HL Deb 07 July 1983 vol 443 cc644-7

3.7 p.m.

Lord Mackie of Benshie

My Lords, I beg leave to ask the second Question standing in my name on the Order Paper.

The Question was as follows:

To ask her Majesty's Government whether they will put right the apparent injustice suffered by British pensioners retired overseas after paying insurance all their working lives, whose pensions are frozen at the figure received when they went abroad.

The Parliamentary Under-Secretary of State, Department of Health and Social Security (Lord Glenarthur)

My Lords, the general position is that British pensioners abroad receive their pensions at the rate in force when they left this country, or when they first qualified if they were then already abroad. Subsequent increases are payable only where provided for under EC regulations, or under a bilateral agreement on social security between the United Kingdom and another country. In view of the continuing need for restraint on public expenditure, we have no plans to change this situation.

Lord Mackie of Benshie

My Lords, I thank the Minister for that rather unhelpful reply. Can he perhaps tell me why these citizens, who have paid their contributions consistently throughout their working lives, are denied in this way? Is there any reason for it, other than simply saving money in regard to one section of the community as against another section?

Lord Glenarthur

My Lords, it is a fact that successive Governments have taken the view that our social security system is designed primarily for people living in this country. The cost of increasing pensions falls mainly on contributors and employers here, and it would by unreasonable to ask them to bear the cost of increases paid to people who have left the country.

Lord Leatherland

My Lords, can the Minister tell us whether these people pay British income tax while they are living abroad? It would be a useful thing to know.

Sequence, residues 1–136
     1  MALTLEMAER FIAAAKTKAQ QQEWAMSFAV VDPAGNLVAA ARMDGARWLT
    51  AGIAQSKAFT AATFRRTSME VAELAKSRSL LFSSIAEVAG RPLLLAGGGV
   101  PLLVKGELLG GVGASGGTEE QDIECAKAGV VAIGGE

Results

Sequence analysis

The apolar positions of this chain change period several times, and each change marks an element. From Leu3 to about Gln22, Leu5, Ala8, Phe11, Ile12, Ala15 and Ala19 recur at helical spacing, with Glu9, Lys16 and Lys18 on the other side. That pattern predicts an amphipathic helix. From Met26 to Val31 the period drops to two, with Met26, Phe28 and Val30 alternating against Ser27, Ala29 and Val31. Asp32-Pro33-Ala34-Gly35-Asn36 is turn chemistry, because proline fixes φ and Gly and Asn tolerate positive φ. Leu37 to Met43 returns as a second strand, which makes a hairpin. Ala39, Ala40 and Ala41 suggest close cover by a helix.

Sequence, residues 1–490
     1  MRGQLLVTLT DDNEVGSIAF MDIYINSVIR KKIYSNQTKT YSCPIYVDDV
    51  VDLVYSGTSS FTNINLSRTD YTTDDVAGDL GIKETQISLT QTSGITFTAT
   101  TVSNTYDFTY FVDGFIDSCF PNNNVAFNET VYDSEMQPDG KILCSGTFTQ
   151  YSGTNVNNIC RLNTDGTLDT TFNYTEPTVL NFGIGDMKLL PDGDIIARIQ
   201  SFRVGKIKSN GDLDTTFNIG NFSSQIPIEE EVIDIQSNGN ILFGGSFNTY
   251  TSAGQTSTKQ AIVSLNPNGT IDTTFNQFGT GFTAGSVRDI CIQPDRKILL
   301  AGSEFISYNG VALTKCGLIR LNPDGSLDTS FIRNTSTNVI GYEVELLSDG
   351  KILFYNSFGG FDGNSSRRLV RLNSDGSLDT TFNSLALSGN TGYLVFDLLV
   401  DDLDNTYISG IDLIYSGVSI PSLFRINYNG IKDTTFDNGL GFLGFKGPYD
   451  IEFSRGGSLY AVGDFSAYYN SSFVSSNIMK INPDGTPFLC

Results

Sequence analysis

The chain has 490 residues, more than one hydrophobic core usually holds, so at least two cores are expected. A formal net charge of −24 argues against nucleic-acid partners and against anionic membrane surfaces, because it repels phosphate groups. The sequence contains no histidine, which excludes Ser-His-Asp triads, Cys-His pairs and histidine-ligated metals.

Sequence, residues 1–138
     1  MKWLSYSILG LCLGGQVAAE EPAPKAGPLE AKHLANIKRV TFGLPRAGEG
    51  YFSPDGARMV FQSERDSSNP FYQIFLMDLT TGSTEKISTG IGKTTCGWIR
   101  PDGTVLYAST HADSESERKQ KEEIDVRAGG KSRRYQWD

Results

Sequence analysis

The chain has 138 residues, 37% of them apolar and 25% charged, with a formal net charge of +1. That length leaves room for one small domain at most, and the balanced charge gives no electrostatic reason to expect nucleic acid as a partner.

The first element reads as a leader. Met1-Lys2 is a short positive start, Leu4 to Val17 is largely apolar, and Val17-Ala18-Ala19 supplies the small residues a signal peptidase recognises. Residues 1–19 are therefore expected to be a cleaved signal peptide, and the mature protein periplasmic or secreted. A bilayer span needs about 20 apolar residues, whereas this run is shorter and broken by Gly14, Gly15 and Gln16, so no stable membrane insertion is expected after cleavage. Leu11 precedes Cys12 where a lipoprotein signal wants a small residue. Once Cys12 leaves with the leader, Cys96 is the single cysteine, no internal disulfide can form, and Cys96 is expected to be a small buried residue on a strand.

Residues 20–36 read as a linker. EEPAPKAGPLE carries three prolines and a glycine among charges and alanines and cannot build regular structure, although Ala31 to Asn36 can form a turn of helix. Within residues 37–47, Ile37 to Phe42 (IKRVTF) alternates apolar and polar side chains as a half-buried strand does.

Lord Glenarthur

My Lords, that depends on the rules which apply in the country in which they live.

Baroness Jeger

My Lords, can the Minister say whether these restrictions apply to Civil Service pensioners and to pensioners from the armed forces? Can he also explain the persistent anomaly, for which all Governments are to blame—and I am not making any party point—under which a pensioner can obtain increases if he retires to the United States, but not if he retires to Canada; if he retires to Austria, but not if he retires to Australia; if he retires to Bermuda, but not if he retires to Barbados; if he retires to Yugoslavia, but not if he retires to New Zealand? There seems to be no logic in it. Will the Minister not try to instigate further bilateral agreements to make the situation fairer for the people involved?

Lord Glenarthur

My Lords, the noble Baroness has asked me about the Civil Service and the armed forces. So far as I am aware—and if I am wrong I shall let her know—the same situation applies as that which I have already described. So far as concerns the countries to which the noble Baroness referred, pensions are payable at full United Kingdom rates in all EEC countries, including Gibraltar, as well as in Guernsey, Jersey, Sark, the Isle of Man, Austria, Cyprus, Israel, Malta, Spain, Switzerland, Turkey and Yugoslavia. Pensions are paid at partially unfrozen rates—that is, beneficiaries receive increases awarded since the relevant agreement came into force—in Bermuda, Jamaica, Mauritius, Portugal and the United States.